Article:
Beat the Reaper
BEAT THE REAPER is Josh Bazell’s debut medical/mob thriller. His anti-hero calls himself Dr. Peter Brown in his present incarnation. He is an intern at one of New York City’s worst hospitals, Manhattan Christian. As he narrates the story, he moves back and forth in time using his backstory, which puts his present life in context. One early morning on his rounds, he is assigned a new patient, Nicholas LoBrutto, aka Eddy Squillante, a mobster.
As soon he lays eyes on Dr. Brown, he recognizes him and screams that “Bearclaw” is there to kill him. Obviously the intern has some kind of mob connections and until now has done a good job of hiding them. Squillante knows he has three months to live and tells Brown he will blow his cover if he doesn’t save his life. The story is shaped with the past and present colliding and leaves readers eager to understand who Brown is, how he got to be an intern at Manhattan Christian and what his legal status is. Witness Protection Program? Or hiding out on his own?
After his parents died, Brown was brought up by his grandparents, who treated him well and gave him a good life. But tragedy struck when he was in his teens, and he came home to find them brutally murdered. Who on earth would want to kill this elderly couple who never had any trouble with anyone? Now an orphan, the family of a schoolmate takes the youth into their home and makes him part of their lives. At first it seems that he is being given princely treatment with no strings attached. But one day, the friend’s father has a “talk” with him and explains the debt he owes and will continue to owe for a long time.
His life changes dramatically, and he gains the reputation of a foot soldier who is nicknamed “Bearclaw.” His name at that time is Pietro Brnwna, a mob hit man who looks at violence as he would later look at an X-ray. Any job he is asked to do he does with relish and no afterthoughts. By the end of the book, at least a dozen bodies have been racked up.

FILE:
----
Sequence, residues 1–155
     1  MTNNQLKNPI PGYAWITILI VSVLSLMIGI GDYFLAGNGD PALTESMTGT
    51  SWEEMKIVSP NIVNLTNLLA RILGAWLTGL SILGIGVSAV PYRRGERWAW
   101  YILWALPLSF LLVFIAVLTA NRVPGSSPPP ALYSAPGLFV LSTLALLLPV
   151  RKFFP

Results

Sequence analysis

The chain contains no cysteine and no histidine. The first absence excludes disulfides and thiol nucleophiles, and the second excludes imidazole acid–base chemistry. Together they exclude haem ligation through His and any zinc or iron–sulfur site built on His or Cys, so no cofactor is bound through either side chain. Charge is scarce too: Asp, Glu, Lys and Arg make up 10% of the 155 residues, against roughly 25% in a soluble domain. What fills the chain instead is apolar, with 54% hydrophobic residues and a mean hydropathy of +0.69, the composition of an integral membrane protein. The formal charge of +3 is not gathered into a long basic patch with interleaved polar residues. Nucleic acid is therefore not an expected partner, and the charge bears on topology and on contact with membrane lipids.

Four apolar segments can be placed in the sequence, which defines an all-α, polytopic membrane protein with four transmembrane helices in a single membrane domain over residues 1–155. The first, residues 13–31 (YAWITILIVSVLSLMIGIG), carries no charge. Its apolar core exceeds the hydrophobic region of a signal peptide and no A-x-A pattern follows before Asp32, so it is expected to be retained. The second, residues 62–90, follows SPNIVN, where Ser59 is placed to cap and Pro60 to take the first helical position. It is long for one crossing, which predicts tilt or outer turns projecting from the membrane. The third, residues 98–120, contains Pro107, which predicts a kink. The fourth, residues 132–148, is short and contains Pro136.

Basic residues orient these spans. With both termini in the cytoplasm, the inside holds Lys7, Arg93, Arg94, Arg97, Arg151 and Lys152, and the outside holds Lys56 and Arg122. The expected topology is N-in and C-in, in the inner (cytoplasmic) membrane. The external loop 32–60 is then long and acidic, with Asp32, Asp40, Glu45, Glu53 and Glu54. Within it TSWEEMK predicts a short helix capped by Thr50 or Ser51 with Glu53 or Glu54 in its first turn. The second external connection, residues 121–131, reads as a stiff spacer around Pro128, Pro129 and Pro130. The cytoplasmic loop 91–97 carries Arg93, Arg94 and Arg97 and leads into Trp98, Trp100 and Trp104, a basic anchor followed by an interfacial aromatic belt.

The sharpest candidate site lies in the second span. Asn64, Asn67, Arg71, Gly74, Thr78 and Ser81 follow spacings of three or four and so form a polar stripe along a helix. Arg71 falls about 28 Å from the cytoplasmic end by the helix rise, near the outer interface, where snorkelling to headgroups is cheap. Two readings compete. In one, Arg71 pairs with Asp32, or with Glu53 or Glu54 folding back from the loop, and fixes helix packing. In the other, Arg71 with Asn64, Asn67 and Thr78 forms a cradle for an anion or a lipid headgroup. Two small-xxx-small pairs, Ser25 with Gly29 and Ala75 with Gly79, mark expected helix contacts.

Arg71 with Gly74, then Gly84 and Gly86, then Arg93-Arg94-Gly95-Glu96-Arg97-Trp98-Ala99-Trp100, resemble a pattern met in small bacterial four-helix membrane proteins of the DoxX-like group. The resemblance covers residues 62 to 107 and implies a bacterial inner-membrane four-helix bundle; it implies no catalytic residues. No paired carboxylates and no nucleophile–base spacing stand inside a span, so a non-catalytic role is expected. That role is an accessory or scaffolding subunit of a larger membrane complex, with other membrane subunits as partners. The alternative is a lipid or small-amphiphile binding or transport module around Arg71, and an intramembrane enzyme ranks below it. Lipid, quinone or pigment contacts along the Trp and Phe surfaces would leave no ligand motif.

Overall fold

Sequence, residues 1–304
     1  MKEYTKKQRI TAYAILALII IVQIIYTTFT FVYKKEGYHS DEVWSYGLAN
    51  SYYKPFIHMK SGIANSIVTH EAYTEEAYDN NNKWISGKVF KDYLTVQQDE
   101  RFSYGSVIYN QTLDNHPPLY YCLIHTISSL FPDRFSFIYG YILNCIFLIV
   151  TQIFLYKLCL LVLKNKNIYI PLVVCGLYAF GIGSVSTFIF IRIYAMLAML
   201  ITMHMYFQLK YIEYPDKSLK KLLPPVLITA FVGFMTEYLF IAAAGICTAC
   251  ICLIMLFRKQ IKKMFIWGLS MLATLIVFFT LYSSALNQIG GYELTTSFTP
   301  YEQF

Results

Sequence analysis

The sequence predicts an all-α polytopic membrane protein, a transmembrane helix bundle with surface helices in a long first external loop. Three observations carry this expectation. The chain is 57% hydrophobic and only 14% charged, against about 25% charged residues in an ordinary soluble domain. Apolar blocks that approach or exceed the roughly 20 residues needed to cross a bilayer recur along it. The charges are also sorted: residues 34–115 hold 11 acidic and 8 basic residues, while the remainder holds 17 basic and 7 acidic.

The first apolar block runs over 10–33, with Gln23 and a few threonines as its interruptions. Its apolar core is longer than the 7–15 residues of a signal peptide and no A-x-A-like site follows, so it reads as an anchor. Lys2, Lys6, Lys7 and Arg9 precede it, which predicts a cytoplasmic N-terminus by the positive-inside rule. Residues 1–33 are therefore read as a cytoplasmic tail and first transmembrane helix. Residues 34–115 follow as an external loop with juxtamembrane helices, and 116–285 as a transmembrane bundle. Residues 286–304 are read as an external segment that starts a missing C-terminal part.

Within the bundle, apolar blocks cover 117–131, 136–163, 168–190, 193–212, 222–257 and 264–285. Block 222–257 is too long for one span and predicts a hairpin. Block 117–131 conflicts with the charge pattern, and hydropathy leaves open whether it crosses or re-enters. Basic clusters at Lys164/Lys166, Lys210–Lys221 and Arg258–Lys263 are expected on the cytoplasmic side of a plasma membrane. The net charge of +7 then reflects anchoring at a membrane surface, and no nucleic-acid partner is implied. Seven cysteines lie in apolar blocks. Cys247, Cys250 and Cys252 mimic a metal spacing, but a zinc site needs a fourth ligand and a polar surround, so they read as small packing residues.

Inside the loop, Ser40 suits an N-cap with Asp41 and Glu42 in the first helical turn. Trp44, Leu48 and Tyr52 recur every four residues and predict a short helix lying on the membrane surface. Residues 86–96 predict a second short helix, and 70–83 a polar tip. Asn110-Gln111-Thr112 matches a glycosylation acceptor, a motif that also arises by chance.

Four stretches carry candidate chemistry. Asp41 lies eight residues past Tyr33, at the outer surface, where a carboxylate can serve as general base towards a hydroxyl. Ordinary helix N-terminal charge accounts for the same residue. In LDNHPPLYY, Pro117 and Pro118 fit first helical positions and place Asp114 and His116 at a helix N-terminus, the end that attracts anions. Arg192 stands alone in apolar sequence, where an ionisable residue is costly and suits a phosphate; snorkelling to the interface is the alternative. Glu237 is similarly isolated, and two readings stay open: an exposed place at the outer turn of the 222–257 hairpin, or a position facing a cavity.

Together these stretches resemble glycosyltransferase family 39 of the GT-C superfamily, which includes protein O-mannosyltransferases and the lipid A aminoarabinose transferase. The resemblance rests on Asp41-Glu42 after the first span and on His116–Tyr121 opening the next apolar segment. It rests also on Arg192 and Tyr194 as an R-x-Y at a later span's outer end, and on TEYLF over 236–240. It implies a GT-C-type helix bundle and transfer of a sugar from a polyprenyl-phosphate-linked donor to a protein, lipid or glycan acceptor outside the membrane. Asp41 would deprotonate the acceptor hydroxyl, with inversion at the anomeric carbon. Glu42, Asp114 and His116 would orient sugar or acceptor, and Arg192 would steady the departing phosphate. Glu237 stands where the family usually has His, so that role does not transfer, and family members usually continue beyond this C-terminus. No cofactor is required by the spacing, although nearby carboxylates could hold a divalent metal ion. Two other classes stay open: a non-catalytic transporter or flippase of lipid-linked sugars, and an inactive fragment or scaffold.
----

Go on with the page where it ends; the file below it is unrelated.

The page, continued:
Years pass, but unlike many Mafioso, Brown is given permission to leave the “FAMILY” if he agrees to one more job. His “mentor” wants Pietro to make his son a killing machine, too. The agreement is reached and understood to be the initiation of the other young man into the mob. He has to “make his bones” and kill at least one person, then get away with it. The assignment goes into motion but takes strange and unexpected twists. Something is not right. These two men who knew each other from the time they were in school are having “a failure to communicate.”
In the meantime, the narrative has segued from the past crime scenes to the present Dr. Peter Brown, miracle worker. Almost. He’s very good and really enjoys medicine. But now that Squillante knows who he is, he is going to have to disappear again and become someone else. Does this mean that Josh Bazell will bring him back in another life as whatever the witness program allows him to morph into? Yes!
In an interview Bazell said, “Brown goes on to solve crimes that require both scientific understanding and physical toughness.” And when asked about the footnotes sprinkled throughout the novel, he replied, “To try footnotes in a book with a fair amount of science in it seemed obvious.” He admitted that some readers find them distracting, but if they choose to read them, he hopes they “will find them worth the time.”
Reviewed by Barbara Lipkien Gershenbaum on December 22, 2010